Taking the Myth Out of Adverts - Pt. 1 - Intro

I'm often accused of reading too much into ads; conversely, I find that people read way too little into them. How else to explain people's convoluted desires to satisfy futile needs they wouldn't otherwise have, along with the stubborn persistence of certain stereotypical ideals?

Through this series, I'll try to demonstrate using real-world examples just how and why marketing plays a much bigger role in our lives than any of us would like to admit; it dominates the ideas of all those in developed countries, and impacts on those in developing ones. I'll take a semiotics approach--focusing on signs and our relation with them--to show that advertising is one of the most potent socializing forces out there, and that, given the shallow culture it tends to promote and propagate to its own end, it is in the interest of advertisers to cultivate all types of delusions and negative stereotypes, all in the name of Consumerism (the capital 'C' kind).

Since I barely watch any TV, I actually get a kick out of watching the commercials. They are positively great indicators of the mores of any society - there's so much to learn from them, providing you're willing to read beyond the product's gleam. But TV ads aren't the only interesting ones. These days, it's easier to name the spaces that don't contain advertising in one form or another than doing the reverse. Incredible sums of money go into studying people using highly refined research methods and tools, all with the aim of developing the most efficient ways of conveying a message to targeted members of society through various media.
And advertisers care about one thing, getting the message out there and into our brain, and they'll do whatever it takes. However, no matter what punches they'll pull or what fireworks they'll use to blind us, successful advertisers invariably rely on two things, myth and ideology. And how we are sold these, myth and ideology, through a careful consideration and packaging of symbols and signs sure says a lot about humans...

In a future post, I'll offer an in-depth definition of what I mean by 'myth' in this context and discuss how advertising forges our collective consciousness of reality by reformulating, establishing, exploiting and perpetuating myths and ideologies, which are useful in that they can make particular ideas seem natural. And natural notions are easier to accept and harder to resist, and can therefore give certain social meanings the allure of common-sense truths about the real world. According to Roland Barthes, myths usually serve the ideological interests of 'the bourgeoisie' , which he uses to refer to "the class of people who own or control the industrial, commercial, and political institutions of society, in order that their ownership, power and control can remain unchanged and unchallenged" (Mythologies, 1973: 137).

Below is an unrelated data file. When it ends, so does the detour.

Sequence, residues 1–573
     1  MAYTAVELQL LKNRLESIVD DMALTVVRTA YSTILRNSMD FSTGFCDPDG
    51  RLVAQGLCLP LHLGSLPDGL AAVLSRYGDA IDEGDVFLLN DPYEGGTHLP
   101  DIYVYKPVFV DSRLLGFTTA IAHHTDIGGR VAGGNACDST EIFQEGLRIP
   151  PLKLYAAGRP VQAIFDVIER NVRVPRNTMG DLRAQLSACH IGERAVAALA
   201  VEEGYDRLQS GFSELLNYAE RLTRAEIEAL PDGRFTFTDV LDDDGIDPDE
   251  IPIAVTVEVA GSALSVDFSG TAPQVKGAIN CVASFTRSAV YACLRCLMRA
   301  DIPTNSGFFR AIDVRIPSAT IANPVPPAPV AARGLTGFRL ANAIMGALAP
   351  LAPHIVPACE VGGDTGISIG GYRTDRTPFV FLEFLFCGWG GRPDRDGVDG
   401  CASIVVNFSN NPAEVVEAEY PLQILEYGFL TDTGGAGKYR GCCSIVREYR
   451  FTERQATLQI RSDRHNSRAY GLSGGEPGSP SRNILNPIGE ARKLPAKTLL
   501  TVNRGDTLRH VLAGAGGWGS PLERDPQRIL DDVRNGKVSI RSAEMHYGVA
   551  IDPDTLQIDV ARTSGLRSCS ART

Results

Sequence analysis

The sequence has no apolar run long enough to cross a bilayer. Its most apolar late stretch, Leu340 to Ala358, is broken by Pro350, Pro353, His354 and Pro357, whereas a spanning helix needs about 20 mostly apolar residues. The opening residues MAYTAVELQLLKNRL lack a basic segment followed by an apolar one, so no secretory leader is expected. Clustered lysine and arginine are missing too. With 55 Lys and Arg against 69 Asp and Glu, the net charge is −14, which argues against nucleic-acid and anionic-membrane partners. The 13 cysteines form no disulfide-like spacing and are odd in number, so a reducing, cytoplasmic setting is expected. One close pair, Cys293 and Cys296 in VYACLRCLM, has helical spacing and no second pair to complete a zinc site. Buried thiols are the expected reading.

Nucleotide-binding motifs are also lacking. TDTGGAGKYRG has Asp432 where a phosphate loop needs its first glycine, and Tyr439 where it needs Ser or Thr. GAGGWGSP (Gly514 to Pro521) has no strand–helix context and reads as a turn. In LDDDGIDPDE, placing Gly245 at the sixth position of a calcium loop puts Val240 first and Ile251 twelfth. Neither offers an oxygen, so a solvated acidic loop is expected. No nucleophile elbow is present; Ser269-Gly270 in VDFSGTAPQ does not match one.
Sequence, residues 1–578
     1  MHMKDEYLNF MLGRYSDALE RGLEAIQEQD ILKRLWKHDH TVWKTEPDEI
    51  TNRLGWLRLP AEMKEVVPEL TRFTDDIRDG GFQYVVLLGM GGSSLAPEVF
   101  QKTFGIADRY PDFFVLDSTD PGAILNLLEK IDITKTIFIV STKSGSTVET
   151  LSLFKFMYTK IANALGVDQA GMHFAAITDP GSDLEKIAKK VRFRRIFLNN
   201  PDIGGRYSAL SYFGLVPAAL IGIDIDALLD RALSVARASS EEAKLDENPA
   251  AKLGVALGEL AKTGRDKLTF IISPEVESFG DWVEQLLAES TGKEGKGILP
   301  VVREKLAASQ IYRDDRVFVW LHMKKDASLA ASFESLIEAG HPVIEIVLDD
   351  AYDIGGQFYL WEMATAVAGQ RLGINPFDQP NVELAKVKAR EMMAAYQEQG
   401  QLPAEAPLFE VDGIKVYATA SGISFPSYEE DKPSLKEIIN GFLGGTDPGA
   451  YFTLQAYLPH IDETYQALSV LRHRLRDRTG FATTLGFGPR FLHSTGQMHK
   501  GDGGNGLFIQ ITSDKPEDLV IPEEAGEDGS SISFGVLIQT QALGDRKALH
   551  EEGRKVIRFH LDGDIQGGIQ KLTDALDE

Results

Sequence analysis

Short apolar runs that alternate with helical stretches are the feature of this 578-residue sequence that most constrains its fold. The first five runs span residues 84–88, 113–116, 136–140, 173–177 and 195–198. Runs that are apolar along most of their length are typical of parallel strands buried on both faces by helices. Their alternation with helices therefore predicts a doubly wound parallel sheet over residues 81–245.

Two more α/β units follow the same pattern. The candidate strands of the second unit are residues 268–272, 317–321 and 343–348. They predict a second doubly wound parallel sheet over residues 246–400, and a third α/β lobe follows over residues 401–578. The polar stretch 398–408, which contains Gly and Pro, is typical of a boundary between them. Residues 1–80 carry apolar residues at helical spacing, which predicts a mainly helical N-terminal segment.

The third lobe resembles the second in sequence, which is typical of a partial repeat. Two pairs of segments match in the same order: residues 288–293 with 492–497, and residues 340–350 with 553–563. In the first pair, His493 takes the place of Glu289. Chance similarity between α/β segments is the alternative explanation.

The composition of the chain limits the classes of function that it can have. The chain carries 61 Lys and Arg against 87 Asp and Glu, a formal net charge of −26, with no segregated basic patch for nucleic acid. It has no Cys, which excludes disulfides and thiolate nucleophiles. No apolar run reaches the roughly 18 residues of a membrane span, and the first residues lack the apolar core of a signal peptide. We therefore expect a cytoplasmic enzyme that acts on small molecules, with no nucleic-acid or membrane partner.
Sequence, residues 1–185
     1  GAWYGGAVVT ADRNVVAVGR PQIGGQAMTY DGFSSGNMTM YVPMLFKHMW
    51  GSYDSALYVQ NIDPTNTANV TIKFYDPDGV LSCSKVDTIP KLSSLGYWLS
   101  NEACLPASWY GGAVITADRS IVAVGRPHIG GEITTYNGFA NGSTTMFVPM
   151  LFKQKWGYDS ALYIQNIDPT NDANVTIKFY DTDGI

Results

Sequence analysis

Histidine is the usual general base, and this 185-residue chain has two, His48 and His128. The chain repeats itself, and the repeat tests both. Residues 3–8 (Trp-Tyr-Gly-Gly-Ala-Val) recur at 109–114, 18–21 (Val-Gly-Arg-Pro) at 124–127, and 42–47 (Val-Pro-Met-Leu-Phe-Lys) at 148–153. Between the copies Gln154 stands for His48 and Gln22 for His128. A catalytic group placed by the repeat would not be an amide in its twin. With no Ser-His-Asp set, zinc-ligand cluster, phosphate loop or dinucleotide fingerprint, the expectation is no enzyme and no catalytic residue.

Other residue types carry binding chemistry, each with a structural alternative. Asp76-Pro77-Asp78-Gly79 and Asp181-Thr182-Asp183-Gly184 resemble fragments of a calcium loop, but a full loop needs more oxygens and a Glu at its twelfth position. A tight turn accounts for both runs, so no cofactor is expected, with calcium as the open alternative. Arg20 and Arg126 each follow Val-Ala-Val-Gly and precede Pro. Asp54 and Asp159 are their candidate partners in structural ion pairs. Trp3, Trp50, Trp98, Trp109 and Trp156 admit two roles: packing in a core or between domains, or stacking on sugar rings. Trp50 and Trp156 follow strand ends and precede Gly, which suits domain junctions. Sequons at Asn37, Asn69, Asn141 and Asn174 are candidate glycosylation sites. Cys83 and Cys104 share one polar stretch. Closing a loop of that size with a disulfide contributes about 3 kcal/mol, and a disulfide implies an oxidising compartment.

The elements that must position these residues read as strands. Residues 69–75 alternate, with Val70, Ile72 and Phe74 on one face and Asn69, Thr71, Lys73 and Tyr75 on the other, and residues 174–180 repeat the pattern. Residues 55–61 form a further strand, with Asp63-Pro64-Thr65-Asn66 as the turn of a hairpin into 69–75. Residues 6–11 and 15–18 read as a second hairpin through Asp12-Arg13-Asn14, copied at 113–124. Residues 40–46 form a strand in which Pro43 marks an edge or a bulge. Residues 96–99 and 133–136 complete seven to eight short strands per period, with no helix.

On a bi-weekly basis (or whenever I get the chance), I'll explore the why's behind why we buy what we buy and live the way we do according to myths which usually have historical and psychological realism that isn't even based on reality, but on convention.

The best way to break these myths then is to remove the impression of naturalness by understanding how the myth is constructed, and how it promotes one way of thinking while seeking to eliminate all the alternative ways of thinking.

Feel free to contribute to this discussion in whatever way you chose. Interest will determine the depth to which I will explore the subject...

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© 2009, Pascal-Denis

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